by Eben Griger
EDIT: This story originally reported the consoles as “leaked”. New information has concluded that the consoles were stolen from the distributor. More about that can be read here. The unedited story follows.
Pre-orders for the new Nintendo Switch have started shipping, despite the official release date of March 3rd. Several users on gaming forum NeoGAF have said that certain stores, which were not disclosed, have shipped out Switches to customers. No games have been included and many of the systems features are not yet live, but a video has been posted allowing us a first look as the OS and menus of Nintendo’s newest hardware.
— Nibel (@Nibellion) February 16, 2017
Upon boot-up, the red Switch logo appears, along with a new techno-jazz tune that has become standard for Nintendo games and hardware. We see all the standard start-up questions: language, region, time zone, user agreement. Next we see “Connect to TV,” but the user in the video declines. The user then showcases the Joy-Con controllers’ ability to be used connected to the Switch’s screen or separately, reminiscent of the Wii-mote and Nunchuk pairing. After picking an icon and username, options for parental controls appear, showing the continuation of Nintendo’s family friendly attitude.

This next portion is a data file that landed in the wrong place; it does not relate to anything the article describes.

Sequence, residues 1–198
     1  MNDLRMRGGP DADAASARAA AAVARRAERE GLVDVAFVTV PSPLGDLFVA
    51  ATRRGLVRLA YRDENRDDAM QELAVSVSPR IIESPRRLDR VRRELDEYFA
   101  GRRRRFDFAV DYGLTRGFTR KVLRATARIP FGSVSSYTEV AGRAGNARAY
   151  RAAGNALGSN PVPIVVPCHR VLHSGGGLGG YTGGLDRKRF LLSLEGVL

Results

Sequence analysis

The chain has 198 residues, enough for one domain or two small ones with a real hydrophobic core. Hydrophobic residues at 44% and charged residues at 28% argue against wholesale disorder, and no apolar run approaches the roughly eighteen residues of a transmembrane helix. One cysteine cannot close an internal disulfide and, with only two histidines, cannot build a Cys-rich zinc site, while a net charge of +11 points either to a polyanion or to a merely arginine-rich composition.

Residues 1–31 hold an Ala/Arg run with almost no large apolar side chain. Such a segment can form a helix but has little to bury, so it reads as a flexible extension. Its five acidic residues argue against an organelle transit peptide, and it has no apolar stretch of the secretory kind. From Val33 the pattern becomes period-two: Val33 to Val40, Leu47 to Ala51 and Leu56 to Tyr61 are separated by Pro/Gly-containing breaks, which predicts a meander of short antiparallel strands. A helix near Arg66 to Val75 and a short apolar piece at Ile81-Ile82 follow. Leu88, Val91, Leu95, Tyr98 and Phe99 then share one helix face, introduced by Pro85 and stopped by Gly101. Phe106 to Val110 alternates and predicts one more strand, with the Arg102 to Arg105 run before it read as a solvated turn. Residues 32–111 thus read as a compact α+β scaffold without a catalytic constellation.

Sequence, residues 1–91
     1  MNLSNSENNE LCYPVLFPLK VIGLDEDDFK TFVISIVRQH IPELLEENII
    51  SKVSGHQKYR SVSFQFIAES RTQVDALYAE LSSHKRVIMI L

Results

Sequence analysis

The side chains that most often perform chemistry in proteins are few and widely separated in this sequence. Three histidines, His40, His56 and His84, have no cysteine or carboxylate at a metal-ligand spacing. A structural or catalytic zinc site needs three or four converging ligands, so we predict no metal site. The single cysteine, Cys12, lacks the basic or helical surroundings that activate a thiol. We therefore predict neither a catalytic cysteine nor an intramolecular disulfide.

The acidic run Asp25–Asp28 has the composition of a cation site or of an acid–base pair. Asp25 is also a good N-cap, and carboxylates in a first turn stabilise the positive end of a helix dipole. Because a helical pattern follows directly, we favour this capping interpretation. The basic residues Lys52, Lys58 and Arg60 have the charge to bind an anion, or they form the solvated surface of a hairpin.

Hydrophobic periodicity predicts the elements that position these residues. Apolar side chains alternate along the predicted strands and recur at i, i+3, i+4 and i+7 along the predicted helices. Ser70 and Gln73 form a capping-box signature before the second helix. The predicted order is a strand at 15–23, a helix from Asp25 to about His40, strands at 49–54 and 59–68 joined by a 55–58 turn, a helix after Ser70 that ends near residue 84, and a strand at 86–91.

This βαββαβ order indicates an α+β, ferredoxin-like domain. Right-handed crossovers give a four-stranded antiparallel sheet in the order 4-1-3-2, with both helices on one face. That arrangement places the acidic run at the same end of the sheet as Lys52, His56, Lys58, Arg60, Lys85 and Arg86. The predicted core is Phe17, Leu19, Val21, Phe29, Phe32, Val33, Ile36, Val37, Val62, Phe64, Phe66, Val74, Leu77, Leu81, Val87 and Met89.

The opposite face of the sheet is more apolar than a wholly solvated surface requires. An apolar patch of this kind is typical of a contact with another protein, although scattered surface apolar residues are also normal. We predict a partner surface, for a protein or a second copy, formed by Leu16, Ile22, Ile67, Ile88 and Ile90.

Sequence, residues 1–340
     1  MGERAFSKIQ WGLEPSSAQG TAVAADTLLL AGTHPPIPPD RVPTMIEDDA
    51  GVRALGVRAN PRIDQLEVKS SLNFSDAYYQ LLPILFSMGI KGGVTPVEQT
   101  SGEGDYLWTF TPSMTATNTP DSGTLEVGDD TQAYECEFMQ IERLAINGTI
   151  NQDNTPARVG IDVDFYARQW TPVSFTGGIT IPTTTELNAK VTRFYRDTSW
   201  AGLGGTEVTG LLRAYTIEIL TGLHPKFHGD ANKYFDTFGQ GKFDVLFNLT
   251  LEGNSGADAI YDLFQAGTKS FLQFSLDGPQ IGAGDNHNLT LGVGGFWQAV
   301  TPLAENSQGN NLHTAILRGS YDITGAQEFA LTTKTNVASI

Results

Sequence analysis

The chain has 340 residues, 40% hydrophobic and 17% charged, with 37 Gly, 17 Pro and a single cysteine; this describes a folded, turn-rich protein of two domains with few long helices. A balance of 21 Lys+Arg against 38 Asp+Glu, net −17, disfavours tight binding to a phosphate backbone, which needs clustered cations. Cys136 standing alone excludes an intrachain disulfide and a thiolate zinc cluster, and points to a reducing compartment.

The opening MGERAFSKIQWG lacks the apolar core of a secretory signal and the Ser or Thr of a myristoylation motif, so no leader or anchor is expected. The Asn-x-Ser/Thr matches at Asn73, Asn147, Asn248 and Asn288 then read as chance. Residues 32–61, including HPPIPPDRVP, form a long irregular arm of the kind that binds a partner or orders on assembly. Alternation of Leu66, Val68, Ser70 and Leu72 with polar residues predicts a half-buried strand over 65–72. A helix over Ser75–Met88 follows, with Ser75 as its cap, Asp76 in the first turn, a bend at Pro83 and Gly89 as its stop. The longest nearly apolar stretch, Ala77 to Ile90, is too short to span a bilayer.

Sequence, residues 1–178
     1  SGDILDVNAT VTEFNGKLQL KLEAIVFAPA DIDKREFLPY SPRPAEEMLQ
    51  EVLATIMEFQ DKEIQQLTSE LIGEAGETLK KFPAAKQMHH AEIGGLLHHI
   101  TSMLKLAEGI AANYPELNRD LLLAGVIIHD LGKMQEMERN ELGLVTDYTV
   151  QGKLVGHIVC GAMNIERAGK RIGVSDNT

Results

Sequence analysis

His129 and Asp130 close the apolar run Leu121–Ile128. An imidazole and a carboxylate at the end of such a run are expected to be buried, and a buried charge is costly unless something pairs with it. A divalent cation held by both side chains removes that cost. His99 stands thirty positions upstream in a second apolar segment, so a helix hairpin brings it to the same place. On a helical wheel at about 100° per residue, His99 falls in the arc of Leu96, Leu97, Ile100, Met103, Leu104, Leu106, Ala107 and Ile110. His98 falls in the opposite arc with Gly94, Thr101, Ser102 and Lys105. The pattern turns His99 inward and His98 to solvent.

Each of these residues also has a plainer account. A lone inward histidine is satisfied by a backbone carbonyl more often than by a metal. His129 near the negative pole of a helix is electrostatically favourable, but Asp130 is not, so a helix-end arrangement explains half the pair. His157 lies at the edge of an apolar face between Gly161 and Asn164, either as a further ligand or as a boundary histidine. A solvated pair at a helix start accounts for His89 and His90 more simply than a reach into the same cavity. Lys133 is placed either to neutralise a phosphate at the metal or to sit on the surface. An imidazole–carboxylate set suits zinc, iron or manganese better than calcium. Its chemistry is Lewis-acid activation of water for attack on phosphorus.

After all the setup is done, the Switch loads in a tab-and-tile style menu, similar to the 3DS. The user scrolls through the tabs: News, Nintendo eShop, Album, Controllers and Settings, which featured options to make Miis, change the Switch’s theme, and a setting for Amibo support.
The “Data Management” setting gives us a glimpse at the Switch’s official storage capacity, 25.9 gigabytes in this case. While Nintendo did say that some storage space would be reserved for the system itself, this shows the system at 6 gigabytes lower than the advertised 32. The ability to choose TV screen resolution is shown, with the choice being “automatic” or 480p, meaning if you don’t own a 1080p TV, the Switch won’t be helping you play games in 1080p.
The video closes on the user putting the Switch to sleep and restarting it, the latter requiring three consecutive taps of the same button, a new feature of the Switch.